Coming Soon: Newsweek, Pakistan Edition

Posted on March 6, 2010
Filed Under >Adil Najam, Media Matters, Society
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Adil Najam

The news itself is old, but I just heard of it. It seems that a Pakistan Edition of American news magazine Newsweek is coming soon to a news stand near you. Reportedly, the initial run will be 30,000 copies – four times the current sales – and the first issue is expected in September.

Reportedly, the Pakistan edition will be managed by A.G. Publications – a subsidiary of the Associated Group (AG) – which itself is led by Fasih Ahmed, a former award-winning Newsweek correspondent for Pakistan and a former Daniel Pearl Fellow, who will also be the editor of the Pakistan edition. Accoridng to their website, the Associated Group is “was founded by Mr. Z.Z. Ahmed (1910-1989), former Deputy Inspector General of Pakistan Police, in 1965. Today, it is one of Pakistan’s premier business houses in the energy sector. Within the energy sector, AG has three lines of business-Liquefied Petroleum Gas (LPG), Power Generation and Liquefied Natural Gas (LNG).”

Newsweek has three international English language editions, including the one managed in Hong Kong which is now available in Pakistan. It also has a number of global editions published in regional languages (Arabic, Russian, Polish, etc.). However, it seems that Pakistan edition will be in English and aims, eventually, for a South Asian market, with both international and local content. Given that Indian laws regarding foreign publications are more stringent, it is speculated that although Newsweek is setting up shop in Pakistan, the real market it is eying is the much bigger Indian market.

More details of the Newsweek launch can be gleaned from this report in Financial Times by Farhan Bokhari:

Newsweek, a subsidiary of the Washington Post Company, is to launch a title for the Pakistan market, marking the first such move by a prominent western magazine in the country. Newsweek Pakistan, which will offer international and local content, is expected to hit the stands by September under a licence agreement with a local media company.

The English-language newspaper and magazine industry in Pakistan is far smaller than in neighbouring India. Some estimates suggest only 100,000 copies of English-language publications are sold a day in a country with a population of 180m. Existing English language titles include The Herald, Newsline, The Friday Times, The Dawn and The News. Pakistan imposes fewer regulatory restrictions on western media than India, which limits foreign ownership. In Pakistan, western media are able to enter the market and the only apparent restrictions are on Indian media organisations.

The media industry in Pakistan has become increasingly robust in the past decade as privately owned television channels have sprung up. Mainstream newspapers have increasingly adopted more liberal editorial policies. The restoration of Iftikhar Chaudhry as chief justice of Pakistan’s supreme court last year, two years after his controversial sacking by Pervez Musharraf, the former president, was assisted by a groundswell of public opinion that was fuelled by pressure from the media.

Young consumers from the middle and upper class are increasingly keen to access well-produced content in print and TV, according to market surveys conducted by advertisers. “Pakistan has a very vibrant media,” said Rhona Murphy, publisher and managing director of Newsweek International, adding that the launch of Newsweek Pakistan was part of a strategy to broaden out into different markets. Newsweek currently publishes three international editions. Newsweek Pakistan will be its eighth local edition published under licence in a country. It will start with a print run of 30,000 copies, four times its present circulation in Pakistan.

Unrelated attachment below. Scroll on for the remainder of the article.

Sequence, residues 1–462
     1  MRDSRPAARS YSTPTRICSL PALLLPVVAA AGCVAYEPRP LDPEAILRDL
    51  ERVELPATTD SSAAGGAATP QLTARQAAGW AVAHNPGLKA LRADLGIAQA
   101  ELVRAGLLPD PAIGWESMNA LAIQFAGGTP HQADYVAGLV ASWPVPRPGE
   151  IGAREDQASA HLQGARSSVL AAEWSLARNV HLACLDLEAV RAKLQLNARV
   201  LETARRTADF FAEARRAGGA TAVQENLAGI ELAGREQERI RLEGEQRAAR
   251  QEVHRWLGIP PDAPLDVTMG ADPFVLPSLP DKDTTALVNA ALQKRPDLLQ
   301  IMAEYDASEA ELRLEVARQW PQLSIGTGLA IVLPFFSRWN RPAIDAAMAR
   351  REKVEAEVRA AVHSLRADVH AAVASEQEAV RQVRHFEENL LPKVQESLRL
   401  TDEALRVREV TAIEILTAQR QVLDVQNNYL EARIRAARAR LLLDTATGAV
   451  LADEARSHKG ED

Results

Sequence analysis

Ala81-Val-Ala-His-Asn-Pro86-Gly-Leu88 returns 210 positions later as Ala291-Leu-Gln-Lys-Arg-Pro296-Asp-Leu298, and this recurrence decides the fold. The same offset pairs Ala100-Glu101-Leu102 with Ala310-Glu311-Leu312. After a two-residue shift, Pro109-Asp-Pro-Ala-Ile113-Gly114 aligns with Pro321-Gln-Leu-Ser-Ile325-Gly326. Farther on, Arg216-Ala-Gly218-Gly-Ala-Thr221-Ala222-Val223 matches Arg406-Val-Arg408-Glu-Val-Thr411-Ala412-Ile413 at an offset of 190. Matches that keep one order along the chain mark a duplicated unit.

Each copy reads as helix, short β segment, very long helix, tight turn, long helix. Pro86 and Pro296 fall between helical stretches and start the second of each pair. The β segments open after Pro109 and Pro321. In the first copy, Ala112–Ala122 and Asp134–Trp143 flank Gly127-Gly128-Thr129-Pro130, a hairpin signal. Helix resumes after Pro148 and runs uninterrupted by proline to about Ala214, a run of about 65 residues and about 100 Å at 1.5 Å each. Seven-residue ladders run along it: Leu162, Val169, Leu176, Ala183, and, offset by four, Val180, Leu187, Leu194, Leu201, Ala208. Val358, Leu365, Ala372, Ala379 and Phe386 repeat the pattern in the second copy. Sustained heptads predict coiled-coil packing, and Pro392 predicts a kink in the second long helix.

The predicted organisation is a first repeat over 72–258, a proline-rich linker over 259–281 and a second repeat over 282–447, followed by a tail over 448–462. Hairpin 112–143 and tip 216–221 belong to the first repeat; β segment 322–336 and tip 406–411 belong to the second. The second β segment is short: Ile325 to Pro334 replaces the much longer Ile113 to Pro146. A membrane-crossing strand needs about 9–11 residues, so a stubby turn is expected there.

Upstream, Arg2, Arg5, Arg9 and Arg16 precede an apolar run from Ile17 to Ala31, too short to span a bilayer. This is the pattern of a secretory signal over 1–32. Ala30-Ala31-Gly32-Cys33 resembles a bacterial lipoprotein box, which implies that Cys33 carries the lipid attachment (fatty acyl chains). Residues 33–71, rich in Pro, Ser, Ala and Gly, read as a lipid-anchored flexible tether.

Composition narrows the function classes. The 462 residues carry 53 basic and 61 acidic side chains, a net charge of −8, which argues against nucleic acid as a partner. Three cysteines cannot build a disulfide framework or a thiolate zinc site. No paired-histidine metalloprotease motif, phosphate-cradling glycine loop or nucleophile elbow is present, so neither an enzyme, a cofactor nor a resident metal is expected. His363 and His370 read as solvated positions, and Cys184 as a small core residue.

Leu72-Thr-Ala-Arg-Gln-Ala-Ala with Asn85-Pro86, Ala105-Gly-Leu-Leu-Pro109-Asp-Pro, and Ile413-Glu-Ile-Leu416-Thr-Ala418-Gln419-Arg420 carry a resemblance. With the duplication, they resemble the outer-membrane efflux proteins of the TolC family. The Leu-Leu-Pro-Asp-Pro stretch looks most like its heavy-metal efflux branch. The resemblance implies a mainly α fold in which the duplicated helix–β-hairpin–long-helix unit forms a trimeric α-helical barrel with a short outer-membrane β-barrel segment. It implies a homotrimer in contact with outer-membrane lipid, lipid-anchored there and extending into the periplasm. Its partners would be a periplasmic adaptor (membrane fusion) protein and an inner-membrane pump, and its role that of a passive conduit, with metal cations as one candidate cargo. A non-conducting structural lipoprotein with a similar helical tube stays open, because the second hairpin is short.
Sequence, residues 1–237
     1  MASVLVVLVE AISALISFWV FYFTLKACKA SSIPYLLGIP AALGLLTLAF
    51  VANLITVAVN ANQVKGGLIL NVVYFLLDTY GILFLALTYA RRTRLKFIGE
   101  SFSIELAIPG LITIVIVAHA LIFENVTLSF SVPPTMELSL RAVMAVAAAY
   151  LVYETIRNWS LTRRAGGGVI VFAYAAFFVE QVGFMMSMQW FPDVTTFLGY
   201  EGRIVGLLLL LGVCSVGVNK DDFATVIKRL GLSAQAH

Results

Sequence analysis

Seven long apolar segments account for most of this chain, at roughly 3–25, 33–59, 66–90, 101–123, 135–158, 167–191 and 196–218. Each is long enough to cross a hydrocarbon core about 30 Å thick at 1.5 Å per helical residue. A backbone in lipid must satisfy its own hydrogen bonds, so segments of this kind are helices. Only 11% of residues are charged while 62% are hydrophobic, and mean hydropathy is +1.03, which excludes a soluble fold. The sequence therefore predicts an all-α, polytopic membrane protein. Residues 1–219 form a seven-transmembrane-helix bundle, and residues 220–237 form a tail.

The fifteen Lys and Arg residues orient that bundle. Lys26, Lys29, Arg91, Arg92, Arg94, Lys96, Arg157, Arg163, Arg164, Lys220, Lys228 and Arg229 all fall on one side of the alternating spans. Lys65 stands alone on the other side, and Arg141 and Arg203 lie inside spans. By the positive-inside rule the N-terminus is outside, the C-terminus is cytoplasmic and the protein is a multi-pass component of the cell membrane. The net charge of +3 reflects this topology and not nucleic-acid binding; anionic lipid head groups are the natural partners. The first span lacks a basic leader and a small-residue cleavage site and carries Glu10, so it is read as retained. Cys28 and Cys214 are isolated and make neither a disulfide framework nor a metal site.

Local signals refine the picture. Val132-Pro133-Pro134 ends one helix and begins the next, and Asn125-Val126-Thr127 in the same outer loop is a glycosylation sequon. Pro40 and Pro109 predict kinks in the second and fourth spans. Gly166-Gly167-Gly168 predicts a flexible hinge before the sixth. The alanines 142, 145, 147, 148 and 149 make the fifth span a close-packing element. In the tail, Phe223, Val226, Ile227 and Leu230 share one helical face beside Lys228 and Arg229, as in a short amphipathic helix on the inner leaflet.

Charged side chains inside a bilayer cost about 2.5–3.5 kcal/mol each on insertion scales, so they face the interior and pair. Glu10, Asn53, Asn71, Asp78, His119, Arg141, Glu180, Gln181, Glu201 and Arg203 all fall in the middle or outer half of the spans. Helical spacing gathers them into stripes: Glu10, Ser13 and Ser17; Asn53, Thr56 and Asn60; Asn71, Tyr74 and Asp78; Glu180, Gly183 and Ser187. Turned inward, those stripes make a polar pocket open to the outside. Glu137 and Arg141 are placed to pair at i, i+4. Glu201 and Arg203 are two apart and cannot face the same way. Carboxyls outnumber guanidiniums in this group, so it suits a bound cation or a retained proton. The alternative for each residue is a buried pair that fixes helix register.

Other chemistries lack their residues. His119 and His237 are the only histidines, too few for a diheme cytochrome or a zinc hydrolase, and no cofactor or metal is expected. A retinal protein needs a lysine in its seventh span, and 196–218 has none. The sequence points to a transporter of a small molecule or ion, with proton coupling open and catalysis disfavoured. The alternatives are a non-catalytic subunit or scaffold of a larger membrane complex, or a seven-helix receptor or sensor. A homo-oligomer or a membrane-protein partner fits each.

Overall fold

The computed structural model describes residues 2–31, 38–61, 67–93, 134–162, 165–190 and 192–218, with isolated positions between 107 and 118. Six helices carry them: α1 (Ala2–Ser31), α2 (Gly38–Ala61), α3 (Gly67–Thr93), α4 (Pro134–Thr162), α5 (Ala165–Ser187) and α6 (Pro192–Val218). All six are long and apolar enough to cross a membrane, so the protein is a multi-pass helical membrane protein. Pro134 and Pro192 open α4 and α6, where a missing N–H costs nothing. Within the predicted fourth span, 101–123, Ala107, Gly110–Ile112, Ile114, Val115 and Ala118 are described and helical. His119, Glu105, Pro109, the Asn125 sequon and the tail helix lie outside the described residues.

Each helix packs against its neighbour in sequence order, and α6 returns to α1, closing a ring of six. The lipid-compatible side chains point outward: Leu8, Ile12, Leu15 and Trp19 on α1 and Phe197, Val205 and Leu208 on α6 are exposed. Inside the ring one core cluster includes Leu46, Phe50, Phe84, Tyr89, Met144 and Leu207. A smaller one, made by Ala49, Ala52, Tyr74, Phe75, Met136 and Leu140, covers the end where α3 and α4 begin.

“Newsweek has a circulation of 7,500 per week – higher than any local news weekly or monthly – and this easily doubles when Pakistan makes the cover,” said Fasih Ahmed, managing director of AG Publications, a privately-owned media company that will publish Newsweek Pakistan. Ms Murphy said she expected the success of Newsweek Pakistan to prompt “our competitors to look at this market more closely … Pakistan is not a market where we have ever spent much energy developing. Clearly, there is an opportunity here.”

So, what do you make of this development for Pakistan’s already dynamic media scene (one where Dawn Television just had to abandon an English-only format for an eventually mostly-Urdu format)? Will this a good, bad, or just plain irrelevant development?

P.S. Thanks to Kalsoom of CHUP who mentioned this on her twitter feed.

38 responses to “Coming Soon: Newsweek, Pakistan Edition”

  1. Nasir Farooqi says:

    I m in Awaz T.V channel , I want to work with ‘NEWS WEEK’ as a photographer ( free lance ) . How possible it ?
    Nasir Farooqi

  2. Jaweed Ahmed Khan says:

    Finally we Pakistanis are being called a brave people, while facing a natural disater. Were we cowards when we were fighting the Russians in Afganistan? Or when our civalians were being killed by terror attacks by Khad agents.

  3. HarOON says:

    I live outside Pakistan but have been waiting for this. Is there a way to get hold of a copy or a table of contents outside Pakistan… anyone seen this? how is it?

  4. Imran says:

    Newsweek Pakistan published their first issue this week. The cover shouts “The World’s bravest nation” and inside there is an interview with AQ Khan. The web page is a “one pager” with no live links. There is an offer of four weeks of free subscription to Pakistanis.

  5. Gardezi says:

    Could you report on any development on this. It seems this family is involved in everything and lots of corruption charges. But maybe Najam Sethi will be their frontman on this.

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